Apple has new changes for developers.

Image: B. Tongo/Epa/REX/Shutterstock

Apple is making more moves to clean up its App Store. 

After cracking down on outdated apps, the company is now placing restrictions on how developers describe their apps. Apple is now rejecting updated and new app submissions that have the word “free” in the name, VentureBeat reports.

“Your app’s name, icons, screenshots, or previews to be displayed on the App Store include references to your app’s price,” Apple reportedly pointed out.  

“Please remove any references to your app’s price from your app’s name, including any references to your app being free or discounted.”

Apple has yet to comment on the change other than to confirm its existence but the policy change is yet another sign Cupertino is looking to clean up its App Store.

The company is also cracking down on outdated apps that haven’t been optimized for newer iPhones and iPads, which could include as many as 200,000 apps. That’s in addition to the 47,000 apps Apple removed earlier this year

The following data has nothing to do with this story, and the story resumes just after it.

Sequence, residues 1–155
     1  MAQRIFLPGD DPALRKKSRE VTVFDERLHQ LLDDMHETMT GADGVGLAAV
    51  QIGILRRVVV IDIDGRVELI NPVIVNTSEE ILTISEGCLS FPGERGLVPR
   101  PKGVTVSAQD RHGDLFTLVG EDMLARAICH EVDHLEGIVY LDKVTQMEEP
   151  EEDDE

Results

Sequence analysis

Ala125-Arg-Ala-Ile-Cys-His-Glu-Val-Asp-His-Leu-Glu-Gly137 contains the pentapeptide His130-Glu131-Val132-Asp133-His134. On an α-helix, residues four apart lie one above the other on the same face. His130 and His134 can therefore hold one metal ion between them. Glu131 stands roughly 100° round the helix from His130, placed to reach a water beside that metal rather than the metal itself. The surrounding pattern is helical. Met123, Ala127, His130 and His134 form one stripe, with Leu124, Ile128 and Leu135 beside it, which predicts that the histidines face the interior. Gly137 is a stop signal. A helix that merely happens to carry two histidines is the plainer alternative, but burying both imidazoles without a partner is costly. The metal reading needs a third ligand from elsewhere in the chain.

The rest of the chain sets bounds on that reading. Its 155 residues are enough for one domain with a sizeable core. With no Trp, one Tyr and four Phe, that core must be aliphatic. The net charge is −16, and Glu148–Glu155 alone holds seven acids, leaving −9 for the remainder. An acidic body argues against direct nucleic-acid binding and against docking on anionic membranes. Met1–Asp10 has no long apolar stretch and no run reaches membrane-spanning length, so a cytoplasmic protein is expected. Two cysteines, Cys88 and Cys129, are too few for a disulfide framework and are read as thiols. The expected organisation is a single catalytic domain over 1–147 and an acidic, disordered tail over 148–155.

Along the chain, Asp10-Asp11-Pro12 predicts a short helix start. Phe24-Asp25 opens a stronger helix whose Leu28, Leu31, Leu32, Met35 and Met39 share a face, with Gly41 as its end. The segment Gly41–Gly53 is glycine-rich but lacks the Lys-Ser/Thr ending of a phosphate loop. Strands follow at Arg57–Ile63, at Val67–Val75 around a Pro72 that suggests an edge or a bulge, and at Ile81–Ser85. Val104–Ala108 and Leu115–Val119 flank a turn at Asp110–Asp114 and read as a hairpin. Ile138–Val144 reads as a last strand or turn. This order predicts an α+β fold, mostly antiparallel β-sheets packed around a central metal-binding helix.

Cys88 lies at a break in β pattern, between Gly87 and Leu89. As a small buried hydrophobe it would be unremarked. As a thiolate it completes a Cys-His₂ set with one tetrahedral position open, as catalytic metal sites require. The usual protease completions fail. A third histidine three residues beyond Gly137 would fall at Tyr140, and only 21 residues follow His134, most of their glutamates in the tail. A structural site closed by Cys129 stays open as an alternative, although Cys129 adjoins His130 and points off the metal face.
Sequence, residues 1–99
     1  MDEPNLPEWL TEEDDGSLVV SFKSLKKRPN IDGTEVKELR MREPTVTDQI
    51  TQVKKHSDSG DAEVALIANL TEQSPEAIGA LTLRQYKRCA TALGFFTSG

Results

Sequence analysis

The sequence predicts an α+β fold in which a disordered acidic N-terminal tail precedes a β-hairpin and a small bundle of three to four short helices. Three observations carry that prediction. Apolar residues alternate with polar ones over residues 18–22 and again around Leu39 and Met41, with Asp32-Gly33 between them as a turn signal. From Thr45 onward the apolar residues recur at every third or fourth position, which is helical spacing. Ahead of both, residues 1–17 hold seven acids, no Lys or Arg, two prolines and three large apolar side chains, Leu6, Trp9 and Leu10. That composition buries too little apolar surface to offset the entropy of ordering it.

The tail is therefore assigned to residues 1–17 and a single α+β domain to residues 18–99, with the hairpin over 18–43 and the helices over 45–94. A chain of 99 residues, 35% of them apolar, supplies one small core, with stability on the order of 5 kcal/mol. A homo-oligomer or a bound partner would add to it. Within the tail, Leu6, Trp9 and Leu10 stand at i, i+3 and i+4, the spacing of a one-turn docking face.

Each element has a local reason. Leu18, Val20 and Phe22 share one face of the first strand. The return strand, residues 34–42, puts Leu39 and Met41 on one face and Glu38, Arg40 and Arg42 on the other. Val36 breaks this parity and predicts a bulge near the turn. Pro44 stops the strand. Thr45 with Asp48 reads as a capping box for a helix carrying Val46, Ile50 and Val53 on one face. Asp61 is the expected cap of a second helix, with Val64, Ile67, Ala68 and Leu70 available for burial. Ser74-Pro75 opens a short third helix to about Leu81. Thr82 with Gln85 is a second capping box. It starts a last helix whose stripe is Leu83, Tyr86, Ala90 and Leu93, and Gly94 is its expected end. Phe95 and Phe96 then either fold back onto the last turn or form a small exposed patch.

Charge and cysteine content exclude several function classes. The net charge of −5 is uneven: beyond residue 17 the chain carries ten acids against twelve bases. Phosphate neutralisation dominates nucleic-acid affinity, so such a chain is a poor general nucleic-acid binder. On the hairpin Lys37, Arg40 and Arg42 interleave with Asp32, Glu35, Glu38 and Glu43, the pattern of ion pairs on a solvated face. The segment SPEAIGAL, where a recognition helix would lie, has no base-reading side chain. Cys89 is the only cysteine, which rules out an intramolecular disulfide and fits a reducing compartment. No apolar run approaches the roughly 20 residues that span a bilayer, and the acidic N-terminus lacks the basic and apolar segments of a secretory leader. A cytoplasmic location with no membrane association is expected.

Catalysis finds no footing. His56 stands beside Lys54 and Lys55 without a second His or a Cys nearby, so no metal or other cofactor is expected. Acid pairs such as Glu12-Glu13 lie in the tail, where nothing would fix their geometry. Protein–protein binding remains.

Displaying social media network apps on the screen of an iPhone 6 in Berlin on 21 Ocotber 2015. Photo by: Robert Schlesinger/picture-alliance/dpa/AP Images

Image: Robert Schlesinger/picture-alliance/dpa/AP Images

While the change in how developers describe their apps in the App Store seems like a more subtle shift, it fits with the company’s ongoing efforts to scrub old and low-quality apps out of its store. Many developers use “free” in their app names to try and game the store’s search algorithms and lure new users.

Doing so may help an app appear higher in some search results but few high-quality apps actually use the word “free” in their name (with the possible exception of apps that have both a free and paid app). Apple could now be trying to crack down on apps with spammy-sounding names to improve the overall quality of its App Store,

Or, the company could simply be trying to reduce confusion. As Apple notes in its developer guidelines, referencing a price in an app name could be confusing to people in other countries where the price may be different.

Whatever the case, we’re likely hear more in at Apple’s World Wide Developer Conference later this year.

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